Following the deployment, Kansas City’s crew enjoyed a month-long leave and upkeep period, and the ship remained in port for maintenance and training until 11 July 1977. On that date she put to sea for local operations and an unrep with Niagara Falls. She got underway again on 25 July, steaming for SoCal to conduct missile exercises as part of Chief of Naval Operations (CNO) Project 112. Returning to Alameda on the 28th, the oiler spent a long weekend in port and then resumed her underway missile operations from 1–4 August. Kansas City remained in port for the rest of the month conducting upkeep and training, and in September the ship’s focus turned to her upcoming Operational Propulsion Plant Examination (OPPE), with training largely geared towards engineering topics. She was underway from 6–10 October to conduct an operational shakedown, during which she refueled Pyro (AE-24) on the 7th. She continued to operate locally in early November, conducting underway engineering drills, and then on 30 November, Kansas City departed for SoCal, once again participating in missile operations for CNO Project 112. Arriving at NSC Oakland on 14 December, the ship then entered the year-end holiday leave and upkeep period.
Kansas City began the year 1978 with underway training from 4–6 January. Moving from NSC Oakland to NAS Alameda on the 8th, the ship began a two-month pierside restricted maintenance availability. She got underway again from 15–18 March for a shakedown and boiler flex tests, and then on 20 March, Kansas City entered dry dock at Bethlehem Steel Shipyard to complete repairs to her rudder. Exiting dry dock on 6 April, the ship moved to NAS Alameda and then put to sea from 10–14 April for another shakedown cruise, bringing her repair period to a close.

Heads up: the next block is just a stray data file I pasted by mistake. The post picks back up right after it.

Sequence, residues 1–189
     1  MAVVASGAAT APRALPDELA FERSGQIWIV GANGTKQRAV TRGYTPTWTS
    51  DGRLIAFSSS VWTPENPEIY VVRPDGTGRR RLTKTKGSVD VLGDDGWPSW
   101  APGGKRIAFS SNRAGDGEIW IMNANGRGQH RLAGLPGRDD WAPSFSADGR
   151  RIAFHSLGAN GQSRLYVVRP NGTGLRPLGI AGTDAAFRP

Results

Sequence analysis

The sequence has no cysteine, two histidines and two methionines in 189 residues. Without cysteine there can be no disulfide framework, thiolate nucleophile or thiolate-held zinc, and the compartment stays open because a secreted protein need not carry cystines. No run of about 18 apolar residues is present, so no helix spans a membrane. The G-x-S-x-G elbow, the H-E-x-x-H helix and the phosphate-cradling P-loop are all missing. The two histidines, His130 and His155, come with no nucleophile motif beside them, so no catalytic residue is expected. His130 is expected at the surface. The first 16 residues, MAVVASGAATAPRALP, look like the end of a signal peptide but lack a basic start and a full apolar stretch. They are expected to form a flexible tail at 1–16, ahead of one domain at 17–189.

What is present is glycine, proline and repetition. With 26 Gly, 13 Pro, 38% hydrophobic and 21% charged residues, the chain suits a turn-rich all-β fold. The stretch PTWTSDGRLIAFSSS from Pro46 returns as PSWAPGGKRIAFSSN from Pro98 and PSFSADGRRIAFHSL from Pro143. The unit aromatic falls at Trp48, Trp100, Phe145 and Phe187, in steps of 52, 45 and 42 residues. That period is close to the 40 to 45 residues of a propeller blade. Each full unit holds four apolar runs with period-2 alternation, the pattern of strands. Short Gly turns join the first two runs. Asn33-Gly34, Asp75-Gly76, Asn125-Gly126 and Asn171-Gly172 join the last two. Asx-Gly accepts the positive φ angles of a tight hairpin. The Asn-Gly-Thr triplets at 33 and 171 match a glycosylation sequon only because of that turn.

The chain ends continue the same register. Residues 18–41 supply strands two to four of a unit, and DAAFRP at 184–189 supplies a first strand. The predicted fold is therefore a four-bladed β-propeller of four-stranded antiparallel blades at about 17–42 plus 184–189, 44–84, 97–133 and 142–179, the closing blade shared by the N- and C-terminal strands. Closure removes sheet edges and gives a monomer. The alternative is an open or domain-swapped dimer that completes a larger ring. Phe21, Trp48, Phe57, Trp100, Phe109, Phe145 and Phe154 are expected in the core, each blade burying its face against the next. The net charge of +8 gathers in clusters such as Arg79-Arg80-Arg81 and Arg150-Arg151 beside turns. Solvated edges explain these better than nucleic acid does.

Departing for San Diego on 24 April 1978, the oiler began workups in earnest for her next deployment, conducting alongside qualification trials with ammunition ship Kiska (AE-35) along the way. Docking at NAS North Island on the 28th, Kansas City completed trainings and inspections all in preparation to commence her refresher training, which she began after completing underway engineering trials from 9–13 May. After about two weeks of exercises covering engineering, seamanship, navigation, and underway replenishment, she completed her refresher training on 26 May and then headed back to Alameda, arriving the following day.
On 29 May 1978, a group of first- and third-class Naval Academy and Reserve Officer Training Corps (ROTC) midshipmen boarded the oiler for their summer training. Three days later, Kansas City departed for SoCal to participate in ReadiEx 3-78. During the exercise, the oiler completed nine unreps before detaching on 4 June to head back to northern California for an individual steaming exercise and training. Returning to Alameda on 9 June, the ship spent the rest of the month conducting at-sea shakedown, in-port shakedown, and pre-OPPE shakedown. She spent 30 June–5 July in port to effect repairs prior to her OPPE exam (5–7 July). After another round of sea trials on 11 July, Kansas City completed her second InSurv inspection (17–21 July). From 28 July–7 August, the ship remained at Alameda to conduct pre-missile system qualification tests in preparation for the underway tests in the southern California operating area from 7–10 August. Docking at Long Beach on the 10th, Kansas City served as visit ship through the 14th, opening her decks to the public.